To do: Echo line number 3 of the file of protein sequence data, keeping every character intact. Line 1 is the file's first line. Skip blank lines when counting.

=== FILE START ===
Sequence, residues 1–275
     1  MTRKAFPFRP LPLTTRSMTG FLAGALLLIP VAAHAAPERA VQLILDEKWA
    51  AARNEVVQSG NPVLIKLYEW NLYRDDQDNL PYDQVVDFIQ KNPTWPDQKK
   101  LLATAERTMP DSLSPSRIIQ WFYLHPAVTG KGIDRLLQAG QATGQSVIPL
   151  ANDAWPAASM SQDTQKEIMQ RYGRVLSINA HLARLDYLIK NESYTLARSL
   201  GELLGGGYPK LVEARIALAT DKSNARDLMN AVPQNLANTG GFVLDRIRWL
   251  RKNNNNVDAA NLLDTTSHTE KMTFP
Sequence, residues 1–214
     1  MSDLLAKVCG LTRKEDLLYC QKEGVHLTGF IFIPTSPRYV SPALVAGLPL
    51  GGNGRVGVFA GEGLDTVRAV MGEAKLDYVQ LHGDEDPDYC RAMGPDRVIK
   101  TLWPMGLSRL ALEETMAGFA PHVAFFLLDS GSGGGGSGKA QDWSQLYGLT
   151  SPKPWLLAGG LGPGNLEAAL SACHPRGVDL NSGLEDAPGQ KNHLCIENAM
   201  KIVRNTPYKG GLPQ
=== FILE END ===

    51  AARNEVVQSG NPVLIKLYEW NLYRDDQDNL PYDQVVDFIQ KNPTWPDQKK